Return to Vietnam
James K. Bruton
         I joined seven other veterans, plus two sons and a brother, to participate in a guided tour. We veterans (retired colonels, lieutenant colonels, and a master sergeant) were Red Hats, former advisors to the South Vietnamese Airborne Division, four of whom I overlapped within 68-69. Our advisory background gave us a base of Vietnamese cultural and interpersonal experience on which to build. (Some of my language even came back.) The three non-vets there for the first time seemed to enjoy the trip just as much as did we returnees.

         Our itinerary started in Saigon and snaked north to Hanoi. Our travel agency Global Spectrum organized an interesting, educational, and glitch-free trip and provided us with a superb guide. It felt good to be back in Southeast Asia again about which I retain many fond memories. And I admit that the graceful, slim figured, ao dai clad VN women still look very appealing and are easy on the eyes. Here are some highlights and commentary.

         The People and Economy. About 75% of the VN population of 87 million were born after the war, and most are preoccupied with making tomorrow better than today. They are not rehashing the past. We found the people generally friendly, helpful, and welcoming. There were many other foreign tourists - European, Japanese, Australian - and the VN, making no assumptions about Westerners' origins, usually asked us where we were from. Though poverty persists and probably the majority of people live hand-to-mouth, we saw increasing urbanization and a growing professional, commercial middle class. Motor scooters and bicycles jammed the streets of Saigon and Hanoi. Many homes we passed in small cities and in the countryside sat under TV antennas.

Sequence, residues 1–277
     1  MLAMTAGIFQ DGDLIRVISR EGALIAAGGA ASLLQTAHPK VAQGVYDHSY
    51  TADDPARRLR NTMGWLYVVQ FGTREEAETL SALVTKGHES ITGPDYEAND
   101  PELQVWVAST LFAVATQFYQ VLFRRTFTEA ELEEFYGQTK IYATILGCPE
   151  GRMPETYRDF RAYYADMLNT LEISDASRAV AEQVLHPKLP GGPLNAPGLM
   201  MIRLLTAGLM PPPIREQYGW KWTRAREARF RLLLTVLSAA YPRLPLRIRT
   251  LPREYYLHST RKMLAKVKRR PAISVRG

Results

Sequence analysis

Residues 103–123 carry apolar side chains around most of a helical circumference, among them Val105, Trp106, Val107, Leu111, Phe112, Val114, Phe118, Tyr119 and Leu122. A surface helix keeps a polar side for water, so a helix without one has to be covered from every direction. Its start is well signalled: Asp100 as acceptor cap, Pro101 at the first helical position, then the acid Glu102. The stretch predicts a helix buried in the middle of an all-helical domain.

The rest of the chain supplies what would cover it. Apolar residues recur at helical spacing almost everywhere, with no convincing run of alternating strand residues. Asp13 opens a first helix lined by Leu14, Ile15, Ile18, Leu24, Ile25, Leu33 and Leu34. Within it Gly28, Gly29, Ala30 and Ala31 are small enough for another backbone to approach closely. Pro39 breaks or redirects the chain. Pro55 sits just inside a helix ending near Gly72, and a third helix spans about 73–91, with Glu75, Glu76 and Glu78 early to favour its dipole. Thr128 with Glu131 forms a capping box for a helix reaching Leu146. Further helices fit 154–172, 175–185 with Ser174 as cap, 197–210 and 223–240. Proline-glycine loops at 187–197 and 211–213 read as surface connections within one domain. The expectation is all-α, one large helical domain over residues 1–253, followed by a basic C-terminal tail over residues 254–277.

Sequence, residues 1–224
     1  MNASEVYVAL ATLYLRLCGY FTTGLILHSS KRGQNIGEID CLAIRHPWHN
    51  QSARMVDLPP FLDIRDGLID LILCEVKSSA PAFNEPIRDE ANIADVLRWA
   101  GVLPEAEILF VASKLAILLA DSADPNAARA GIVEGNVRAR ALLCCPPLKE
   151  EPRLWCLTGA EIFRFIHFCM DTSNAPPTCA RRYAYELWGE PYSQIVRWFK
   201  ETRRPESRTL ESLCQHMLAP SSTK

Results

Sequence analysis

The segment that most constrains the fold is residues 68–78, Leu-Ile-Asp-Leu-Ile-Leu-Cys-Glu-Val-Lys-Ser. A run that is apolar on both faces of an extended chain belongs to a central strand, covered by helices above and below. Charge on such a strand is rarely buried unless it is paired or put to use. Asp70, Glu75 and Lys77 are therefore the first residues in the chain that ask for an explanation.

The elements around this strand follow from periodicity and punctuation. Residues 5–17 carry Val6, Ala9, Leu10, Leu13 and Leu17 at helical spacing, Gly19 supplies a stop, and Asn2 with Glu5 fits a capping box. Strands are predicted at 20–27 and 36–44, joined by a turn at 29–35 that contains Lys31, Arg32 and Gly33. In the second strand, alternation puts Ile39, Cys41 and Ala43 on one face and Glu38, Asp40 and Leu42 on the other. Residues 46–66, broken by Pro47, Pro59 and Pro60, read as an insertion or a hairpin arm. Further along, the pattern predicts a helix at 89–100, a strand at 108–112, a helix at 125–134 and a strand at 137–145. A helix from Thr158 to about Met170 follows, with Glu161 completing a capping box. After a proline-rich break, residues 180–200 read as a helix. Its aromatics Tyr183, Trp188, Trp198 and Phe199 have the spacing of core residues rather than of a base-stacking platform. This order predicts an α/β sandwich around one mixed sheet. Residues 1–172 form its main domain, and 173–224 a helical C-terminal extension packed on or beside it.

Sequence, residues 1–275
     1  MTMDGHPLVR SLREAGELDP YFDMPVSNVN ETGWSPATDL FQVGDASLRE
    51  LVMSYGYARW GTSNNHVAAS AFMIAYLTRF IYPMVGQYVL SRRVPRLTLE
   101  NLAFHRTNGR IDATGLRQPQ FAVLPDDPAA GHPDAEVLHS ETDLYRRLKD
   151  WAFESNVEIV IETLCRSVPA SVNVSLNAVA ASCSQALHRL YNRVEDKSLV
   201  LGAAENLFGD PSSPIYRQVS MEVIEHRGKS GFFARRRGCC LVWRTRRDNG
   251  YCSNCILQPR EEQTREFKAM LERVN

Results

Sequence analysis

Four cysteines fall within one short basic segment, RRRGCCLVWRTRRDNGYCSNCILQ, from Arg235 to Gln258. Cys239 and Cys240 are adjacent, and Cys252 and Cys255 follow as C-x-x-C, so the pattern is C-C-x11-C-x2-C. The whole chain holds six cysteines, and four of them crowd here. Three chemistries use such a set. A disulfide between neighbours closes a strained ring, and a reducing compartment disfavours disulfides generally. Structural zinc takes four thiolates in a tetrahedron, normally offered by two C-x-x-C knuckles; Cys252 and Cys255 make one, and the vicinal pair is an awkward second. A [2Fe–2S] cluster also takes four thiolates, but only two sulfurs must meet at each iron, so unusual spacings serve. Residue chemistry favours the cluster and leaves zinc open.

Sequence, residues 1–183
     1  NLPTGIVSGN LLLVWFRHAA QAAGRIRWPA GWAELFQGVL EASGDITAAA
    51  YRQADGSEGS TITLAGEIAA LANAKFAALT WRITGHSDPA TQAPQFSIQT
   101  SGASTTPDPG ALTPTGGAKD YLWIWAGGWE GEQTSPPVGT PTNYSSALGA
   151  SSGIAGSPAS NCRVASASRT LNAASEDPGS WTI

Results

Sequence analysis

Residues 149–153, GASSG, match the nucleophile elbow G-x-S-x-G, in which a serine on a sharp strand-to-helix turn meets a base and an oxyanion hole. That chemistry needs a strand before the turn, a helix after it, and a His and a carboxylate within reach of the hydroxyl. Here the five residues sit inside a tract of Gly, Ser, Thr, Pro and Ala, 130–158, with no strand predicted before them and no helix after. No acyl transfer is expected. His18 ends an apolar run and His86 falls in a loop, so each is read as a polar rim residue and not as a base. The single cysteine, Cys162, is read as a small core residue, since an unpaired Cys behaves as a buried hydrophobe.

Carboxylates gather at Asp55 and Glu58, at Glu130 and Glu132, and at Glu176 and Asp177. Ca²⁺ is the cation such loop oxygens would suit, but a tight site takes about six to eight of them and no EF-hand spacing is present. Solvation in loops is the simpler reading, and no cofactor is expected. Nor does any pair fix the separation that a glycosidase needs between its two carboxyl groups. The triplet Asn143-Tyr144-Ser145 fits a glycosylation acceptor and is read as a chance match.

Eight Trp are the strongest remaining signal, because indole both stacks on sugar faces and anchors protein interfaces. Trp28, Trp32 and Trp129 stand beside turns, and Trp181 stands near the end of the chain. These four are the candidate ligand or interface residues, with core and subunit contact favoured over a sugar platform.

Communist Vietnam's Divarication. One observation may sum up the peculiarity of today's Communist-ruled Vietnam. We visited Reunification Palace (previously Independence Palace), formerly the official residence and office of President Thieu and his successors. It is now a museum open to the public with all the rooms maintained as they were 40 years ago. The grounds contain war trophies of US tanks and aircraft as well as a T-54 tank like the one that crashed through the front gate on April 30, 1975. Beside the tank is a sign listing four of the five soldiers who took the surrender of President "Big" Minh on that occasion. (The missing fifth soldier is Col. Bui Tin, who defected to the West, and whose books are quite revealing.) Over Reunification Palace flies the yellow starred red flag of the Socialist Republic of Vietnam. Interestingly several rooms were blocked off the day we visited and reserved for a reception for the board of the Vietnam Stock Exchange.

        Please read the rest of the story in WAR AND REMEMBERANCE.
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